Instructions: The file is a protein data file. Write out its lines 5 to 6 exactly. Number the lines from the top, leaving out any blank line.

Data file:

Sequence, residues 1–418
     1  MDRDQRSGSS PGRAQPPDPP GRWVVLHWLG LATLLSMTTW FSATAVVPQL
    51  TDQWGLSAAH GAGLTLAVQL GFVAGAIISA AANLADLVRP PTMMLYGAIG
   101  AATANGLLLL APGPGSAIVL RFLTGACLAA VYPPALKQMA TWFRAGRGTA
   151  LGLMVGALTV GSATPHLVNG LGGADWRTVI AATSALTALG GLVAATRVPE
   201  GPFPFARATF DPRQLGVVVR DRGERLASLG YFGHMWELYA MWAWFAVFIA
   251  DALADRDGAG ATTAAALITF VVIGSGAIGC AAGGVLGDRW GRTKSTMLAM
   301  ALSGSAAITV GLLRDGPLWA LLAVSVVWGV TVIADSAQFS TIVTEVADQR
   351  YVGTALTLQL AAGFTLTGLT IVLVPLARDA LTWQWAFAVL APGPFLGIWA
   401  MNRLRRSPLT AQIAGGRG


   151  LGLMVGALTV GSATPHLVNG LGGADWRTVI AATSALTALG GLVAATRVPE
   201  GPFPFARATF DPRQLGVVVR DRGERLASLG YFGHMWELYA MWAWFAVFIA